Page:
A348227


Coordination sequence for Wilkinson's 123circle packing with respect to a circle of radius 1.


9



1, 4, 12, 20, 34, 38, 54, 54, 74, 70, 94, 86, 114, 102, 134, 118, 154, 134, 174, 150, 194, 166, 214, 182, 234, 198, 254, 214, 274, 230, 294, 246, 314, 262, 334, 278, 354, 294, 374, 310, 394, 326, 414, 342, 434, 358, 454, 374, 474, 390, 494, 406, 514, 422, 534, 438, 554
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OFFSET

0,2


COMMENTS

Wilkinson's 123circle packing (that is my name for it) is a packing of nonoverlapping circles in the plane, and can be seen in Figs. 1 and 1a. There are three sizes of circles: (a) radius 1, (b) radius 2, and (c) radius 3. Because 3^2 + 4^2 = 5^2, there is a rightangled triangle (shown in red in Fig. 3, "Tiling of plane ...") which when repeatedly translated and reflected builds the whole structure.
A convenient set of coordinates for the centers are: (a) radius 1: the points (8*i, 6*j), (b) radius 2: the points (8*i, 6*j+3), and (c) radius 3: the points (8*i+4, 6*j), where i and j take all integer values.
Let G denote the graph (Fig 1, Fig. 2) whose nodes correspond to the centers of the circles, with an edge for every pair of circles that touch. There are three types of nodes, corresponding to the circles of types (a), (b), and (c).
The cells in the planar graph G form a tiling of the plane by two kinds of triangles (345 and 556).
The coordination sequences for the three types of nodes in G are the present sequence, A348229, and A348231.
If we draw tangent lines through the points where any two circles touch, we obtain a tiling of the plane (Fig. 3) with three kinds of tiles: squares, irregular hexagons, and irregular octagons.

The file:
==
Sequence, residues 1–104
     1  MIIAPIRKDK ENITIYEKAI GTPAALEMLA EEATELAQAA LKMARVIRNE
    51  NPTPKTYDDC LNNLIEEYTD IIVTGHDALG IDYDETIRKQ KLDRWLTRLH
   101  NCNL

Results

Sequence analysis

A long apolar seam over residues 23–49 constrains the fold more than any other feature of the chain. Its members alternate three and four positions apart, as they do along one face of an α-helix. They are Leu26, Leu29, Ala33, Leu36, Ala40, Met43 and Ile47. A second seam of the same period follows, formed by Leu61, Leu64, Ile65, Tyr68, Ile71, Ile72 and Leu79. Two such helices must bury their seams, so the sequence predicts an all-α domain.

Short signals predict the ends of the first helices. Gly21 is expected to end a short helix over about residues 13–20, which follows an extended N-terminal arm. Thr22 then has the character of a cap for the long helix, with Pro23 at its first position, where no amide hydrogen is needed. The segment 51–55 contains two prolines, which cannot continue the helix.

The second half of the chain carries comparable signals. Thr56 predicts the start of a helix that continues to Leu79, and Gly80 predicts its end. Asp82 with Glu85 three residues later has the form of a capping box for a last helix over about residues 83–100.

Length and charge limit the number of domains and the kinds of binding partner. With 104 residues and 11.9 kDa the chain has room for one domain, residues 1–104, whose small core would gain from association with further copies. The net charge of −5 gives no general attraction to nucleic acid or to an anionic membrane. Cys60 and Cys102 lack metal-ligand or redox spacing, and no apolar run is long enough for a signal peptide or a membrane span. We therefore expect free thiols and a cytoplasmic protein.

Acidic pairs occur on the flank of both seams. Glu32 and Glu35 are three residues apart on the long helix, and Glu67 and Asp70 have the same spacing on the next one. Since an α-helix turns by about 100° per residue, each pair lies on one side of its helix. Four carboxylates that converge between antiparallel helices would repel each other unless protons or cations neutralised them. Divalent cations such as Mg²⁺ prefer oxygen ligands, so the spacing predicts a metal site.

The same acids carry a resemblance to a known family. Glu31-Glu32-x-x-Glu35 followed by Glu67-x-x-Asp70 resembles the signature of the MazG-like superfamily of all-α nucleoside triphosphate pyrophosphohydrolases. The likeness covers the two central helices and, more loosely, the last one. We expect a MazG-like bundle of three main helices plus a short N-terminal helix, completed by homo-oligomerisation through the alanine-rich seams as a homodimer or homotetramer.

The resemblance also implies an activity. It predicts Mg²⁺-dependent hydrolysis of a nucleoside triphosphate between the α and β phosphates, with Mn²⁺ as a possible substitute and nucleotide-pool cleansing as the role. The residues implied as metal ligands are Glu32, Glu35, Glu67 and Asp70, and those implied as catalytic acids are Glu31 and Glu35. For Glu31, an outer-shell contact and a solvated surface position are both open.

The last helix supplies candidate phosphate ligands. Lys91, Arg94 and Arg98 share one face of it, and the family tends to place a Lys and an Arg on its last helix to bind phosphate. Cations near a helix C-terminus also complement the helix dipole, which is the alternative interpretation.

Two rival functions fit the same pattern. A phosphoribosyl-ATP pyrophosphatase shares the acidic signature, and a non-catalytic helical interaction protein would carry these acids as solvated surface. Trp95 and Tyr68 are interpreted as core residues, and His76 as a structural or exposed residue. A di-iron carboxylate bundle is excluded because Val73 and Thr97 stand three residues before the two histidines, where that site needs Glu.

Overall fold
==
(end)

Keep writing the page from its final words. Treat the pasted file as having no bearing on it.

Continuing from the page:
The boundary lines of the tiles form the cpq net (thanks to Davide M. Proserpio for this observation). See Fig. 4 and the RCSR link. This net is the dual graph to G. It has two kinds of nodes, whose coordination sequences are given in A348236 and A348237.


LINKS

Don Wilkinson, Letter to N. J. A. Sloane, Oct 12 1990. Among other things, this letter enclosed the illustration shown in the next link, and a copy of US Patent 4643307. [The handwritten notes at the top and bottom of the letter were added by me after the letter arrived.]


FORMULA

G.f. = (1+4*q+10*q^2+12*q^3+11*q^4+2*q^52*q^62*q^7)/(1q^2)^2. Discovered and proved using the "coloring book" method (see GoodmanStrauss & Sloane).
a(n) = 9*n + (n  2)*(1)^n  4 for n > 3.  Stefano Spezia, May 01 2022


EXAMPLE

We start at a black point (with a(0) = 1). It is joined to 4 neighbors (so a(1) = 4), which in turn are joined to 12 further points (so a(2) = 12), which are joined to 20 additional points (so a(2) = 20), and so on.


MATHEMATICA

A348227list[nmax_]:=PadRight[{1, 4, 12, 20}, nmax+1, Array[9#+(#2)(1)^#4&, nmax+1, 0]]; A348227list[100] (* Paolo Xausa, Aug 06 2023 *)


CROSSREFS



KEYWORD

nonn,easy,nice


AUTHOR



STATUS

approved